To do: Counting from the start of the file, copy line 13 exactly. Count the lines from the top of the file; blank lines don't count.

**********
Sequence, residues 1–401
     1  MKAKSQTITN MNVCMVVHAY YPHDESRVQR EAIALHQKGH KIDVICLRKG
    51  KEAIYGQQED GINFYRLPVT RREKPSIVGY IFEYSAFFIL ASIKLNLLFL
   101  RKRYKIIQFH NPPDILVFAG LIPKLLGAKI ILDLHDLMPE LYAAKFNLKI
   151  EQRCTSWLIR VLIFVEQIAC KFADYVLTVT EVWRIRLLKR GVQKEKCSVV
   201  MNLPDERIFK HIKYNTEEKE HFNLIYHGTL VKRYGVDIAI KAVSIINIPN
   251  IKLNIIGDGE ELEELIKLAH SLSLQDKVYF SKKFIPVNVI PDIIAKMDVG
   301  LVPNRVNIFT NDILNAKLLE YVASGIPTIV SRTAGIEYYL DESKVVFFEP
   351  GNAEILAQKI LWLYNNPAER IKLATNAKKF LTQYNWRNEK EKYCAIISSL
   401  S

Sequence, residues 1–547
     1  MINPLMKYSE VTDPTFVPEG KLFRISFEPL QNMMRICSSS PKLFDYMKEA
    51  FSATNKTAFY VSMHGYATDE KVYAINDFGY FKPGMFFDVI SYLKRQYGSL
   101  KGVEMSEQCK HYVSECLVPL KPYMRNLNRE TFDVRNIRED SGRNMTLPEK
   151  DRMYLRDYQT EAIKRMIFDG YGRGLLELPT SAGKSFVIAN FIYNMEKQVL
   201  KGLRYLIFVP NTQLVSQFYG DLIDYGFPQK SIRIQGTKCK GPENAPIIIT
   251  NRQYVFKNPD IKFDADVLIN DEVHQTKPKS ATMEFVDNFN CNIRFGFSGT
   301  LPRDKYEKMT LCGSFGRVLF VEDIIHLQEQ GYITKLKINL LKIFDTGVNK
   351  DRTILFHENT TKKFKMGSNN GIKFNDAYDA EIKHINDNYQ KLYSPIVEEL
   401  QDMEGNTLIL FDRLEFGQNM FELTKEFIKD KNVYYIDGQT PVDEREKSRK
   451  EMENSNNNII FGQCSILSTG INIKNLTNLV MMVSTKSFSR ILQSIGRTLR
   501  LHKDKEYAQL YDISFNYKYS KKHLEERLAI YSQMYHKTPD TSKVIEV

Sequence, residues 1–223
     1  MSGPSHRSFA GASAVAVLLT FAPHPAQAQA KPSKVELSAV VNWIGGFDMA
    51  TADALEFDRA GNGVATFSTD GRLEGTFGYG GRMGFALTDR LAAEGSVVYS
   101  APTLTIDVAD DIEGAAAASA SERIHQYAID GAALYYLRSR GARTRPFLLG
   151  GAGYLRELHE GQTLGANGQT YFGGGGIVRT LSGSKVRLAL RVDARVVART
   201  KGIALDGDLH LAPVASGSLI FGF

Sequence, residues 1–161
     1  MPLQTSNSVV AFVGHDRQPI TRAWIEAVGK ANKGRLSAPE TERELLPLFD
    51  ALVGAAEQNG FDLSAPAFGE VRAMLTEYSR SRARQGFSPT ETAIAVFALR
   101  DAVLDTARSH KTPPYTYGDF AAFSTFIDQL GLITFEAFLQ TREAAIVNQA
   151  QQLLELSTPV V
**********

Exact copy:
    51  FSATNKTAFY VSMHGYATDE KVYAINDFGY FKPGMFFDVI SYLKRQYGSL